The Senate confirmed President Joe Biden’s choice to lead U.S. diplomacy at the United Nations on Tuesday.
Senators voted 78-20 to confirm Linda Thomas-Greenfield to the post, which is a Cabinet-level position.
Thomas-Greenfield is a retired 35-year veteran of the Foreign Service who resigned during the Trump administration.
Many Republicans opposed her, saying she was soft on China and would not stand up for U.S. principles at the United Nations.
In a 2019 speech to the Chinese-funded Confucius Institute, Thomas-Greenfield praised a Chinese infrastructure program in Africa and called for the U.S. and China to join together to promote good governance and the rule of law.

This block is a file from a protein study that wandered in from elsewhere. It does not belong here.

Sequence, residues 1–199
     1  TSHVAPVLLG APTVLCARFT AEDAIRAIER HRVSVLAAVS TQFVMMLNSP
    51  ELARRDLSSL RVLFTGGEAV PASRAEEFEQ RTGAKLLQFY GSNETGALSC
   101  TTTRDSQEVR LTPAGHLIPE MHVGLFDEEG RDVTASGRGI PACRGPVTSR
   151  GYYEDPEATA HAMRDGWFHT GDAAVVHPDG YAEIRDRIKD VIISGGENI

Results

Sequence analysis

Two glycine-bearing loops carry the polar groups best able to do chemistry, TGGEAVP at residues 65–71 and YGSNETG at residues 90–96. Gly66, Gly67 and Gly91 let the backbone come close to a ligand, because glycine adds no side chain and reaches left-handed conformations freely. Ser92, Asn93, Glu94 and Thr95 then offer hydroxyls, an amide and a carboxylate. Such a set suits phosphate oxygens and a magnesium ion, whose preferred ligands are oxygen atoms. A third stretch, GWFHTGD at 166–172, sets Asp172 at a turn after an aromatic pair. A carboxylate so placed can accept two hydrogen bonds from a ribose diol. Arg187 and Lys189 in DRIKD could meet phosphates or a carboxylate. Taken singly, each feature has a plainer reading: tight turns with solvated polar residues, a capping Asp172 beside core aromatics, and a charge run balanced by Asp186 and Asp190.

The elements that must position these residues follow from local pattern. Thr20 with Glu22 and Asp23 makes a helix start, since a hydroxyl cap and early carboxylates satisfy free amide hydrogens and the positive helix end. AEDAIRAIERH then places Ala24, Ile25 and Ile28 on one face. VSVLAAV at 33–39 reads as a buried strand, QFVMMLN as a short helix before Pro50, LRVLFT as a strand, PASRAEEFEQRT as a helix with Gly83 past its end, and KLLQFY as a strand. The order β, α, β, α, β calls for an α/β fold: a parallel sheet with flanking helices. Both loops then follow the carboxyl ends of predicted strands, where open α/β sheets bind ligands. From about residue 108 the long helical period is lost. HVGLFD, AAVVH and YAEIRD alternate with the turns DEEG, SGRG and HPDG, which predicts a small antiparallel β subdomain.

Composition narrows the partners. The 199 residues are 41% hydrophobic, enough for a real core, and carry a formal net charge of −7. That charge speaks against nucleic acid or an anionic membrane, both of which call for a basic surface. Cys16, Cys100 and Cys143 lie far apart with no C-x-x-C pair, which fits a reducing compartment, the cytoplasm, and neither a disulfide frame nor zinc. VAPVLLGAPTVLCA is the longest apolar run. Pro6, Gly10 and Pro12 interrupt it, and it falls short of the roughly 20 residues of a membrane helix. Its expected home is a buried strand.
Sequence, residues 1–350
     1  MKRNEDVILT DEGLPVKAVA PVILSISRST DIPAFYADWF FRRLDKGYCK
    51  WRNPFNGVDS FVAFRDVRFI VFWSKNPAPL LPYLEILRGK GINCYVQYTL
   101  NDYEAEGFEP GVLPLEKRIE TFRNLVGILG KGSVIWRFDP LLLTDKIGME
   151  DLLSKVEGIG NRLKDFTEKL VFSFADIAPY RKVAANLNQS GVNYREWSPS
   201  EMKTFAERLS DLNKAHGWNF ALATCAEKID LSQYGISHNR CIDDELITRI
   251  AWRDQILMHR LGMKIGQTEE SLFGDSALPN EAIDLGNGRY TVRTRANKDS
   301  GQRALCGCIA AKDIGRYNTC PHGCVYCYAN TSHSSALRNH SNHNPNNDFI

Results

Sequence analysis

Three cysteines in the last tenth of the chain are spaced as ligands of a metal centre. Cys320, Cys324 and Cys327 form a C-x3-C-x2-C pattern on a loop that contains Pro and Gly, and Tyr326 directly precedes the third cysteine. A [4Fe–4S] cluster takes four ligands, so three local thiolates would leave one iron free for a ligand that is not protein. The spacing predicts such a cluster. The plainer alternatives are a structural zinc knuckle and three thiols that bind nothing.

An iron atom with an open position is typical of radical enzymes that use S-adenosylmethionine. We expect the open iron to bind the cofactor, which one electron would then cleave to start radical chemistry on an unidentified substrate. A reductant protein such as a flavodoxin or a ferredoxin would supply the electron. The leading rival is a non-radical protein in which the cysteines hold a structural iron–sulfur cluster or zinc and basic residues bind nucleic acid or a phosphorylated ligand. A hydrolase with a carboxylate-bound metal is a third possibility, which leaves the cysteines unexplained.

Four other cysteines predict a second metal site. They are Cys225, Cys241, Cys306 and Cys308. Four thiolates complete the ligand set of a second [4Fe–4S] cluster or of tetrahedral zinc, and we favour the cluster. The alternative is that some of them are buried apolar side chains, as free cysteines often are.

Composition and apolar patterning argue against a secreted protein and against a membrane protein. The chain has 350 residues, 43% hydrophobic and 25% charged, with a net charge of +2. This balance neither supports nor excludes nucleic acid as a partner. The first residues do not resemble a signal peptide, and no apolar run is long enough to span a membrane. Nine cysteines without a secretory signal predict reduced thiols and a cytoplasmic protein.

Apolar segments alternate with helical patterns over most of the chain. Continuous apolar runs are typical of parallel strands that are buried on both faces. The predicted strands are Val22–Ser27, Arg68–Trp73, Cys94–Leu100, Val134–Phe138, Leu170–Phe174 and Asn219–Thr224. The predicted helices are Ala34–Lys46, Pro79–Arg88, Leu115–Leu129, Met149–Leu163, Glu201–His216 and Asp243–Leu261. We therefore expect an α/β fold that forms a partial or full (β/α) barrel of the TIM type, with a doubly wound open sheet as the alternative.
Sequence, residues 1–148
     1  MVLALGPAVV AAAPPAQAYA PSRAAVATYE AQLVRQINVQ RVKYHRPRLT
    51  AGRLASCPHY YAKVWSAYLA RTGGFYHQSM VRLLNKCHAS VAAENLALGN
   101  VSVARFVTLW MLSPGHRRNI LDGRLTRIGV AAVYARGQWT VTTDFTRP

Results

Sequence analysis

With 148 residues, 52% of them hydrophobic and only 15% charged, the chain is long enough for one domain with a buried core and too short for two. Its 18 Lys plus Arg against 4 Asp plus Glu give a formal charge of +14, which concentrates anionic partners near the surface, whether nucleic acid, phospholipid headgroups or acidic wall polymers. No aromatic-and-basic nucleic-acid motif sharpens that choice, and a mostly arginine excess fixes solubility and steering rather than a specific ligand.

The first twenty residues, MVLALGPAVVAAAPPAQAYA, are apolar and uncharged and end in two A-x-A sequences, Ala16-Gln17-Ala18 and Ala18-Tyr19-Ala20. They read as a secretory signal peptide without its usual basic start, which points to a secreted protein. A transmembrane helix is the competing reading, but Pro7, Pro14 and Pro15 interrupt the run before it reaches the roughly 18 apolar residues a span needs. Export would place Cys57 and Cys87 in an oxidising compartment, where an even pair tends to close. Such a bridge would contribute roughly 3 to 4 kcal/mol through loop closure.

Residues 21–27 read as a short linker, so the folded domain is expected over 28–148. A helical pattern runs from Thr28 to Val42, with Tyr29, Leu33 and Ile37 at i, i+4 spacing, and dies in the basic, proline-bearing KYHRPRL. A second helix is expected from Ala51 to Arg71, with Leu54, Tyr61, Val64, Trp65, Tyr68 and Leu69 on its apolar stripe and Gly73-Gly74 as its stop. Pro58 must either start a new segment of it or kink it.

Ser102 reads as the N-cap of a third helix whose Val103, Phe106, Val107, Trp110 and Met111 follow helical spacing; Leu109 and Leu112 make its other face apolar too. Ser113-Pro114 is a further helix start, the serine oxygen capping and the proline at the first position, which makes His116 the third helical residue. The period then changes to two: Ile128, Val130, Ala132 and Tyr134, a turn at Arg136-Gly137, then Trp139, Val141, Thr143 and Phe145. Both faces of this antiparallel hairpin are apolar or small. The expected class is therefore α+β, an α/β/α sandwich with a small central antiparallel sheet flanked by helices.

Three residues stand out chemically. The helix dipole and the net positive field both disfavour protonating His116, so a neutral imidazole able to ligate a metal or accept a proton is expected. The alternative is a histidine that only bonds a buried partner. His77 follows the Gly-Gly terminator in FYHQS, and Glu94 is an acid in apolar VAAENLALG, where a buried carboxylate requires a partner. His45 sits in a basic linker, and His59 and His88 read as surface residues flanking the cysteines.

Thomas-Greenfield told senators the speech had been a mistake and was not intended to be an endorsement of Chinese government policies.
She said China is a strategic adversary and “their actions threaten our security, they threaten our values and they threaten our way of life, and they are a threat to their neighbors and they are a threat across the globe.”
Thomas-Greenfield made clear that there will be a shift under Biden from the Trump administration’s “America First” policies.
She emphasized that American leadership must be rooted in “support for democracy, respect for universal human rights, and the promotion of peace and security.”
The Western Journal has reviewed this Associated Press story and may have altered it prior to publication to ensure that it meets our editorial standards.
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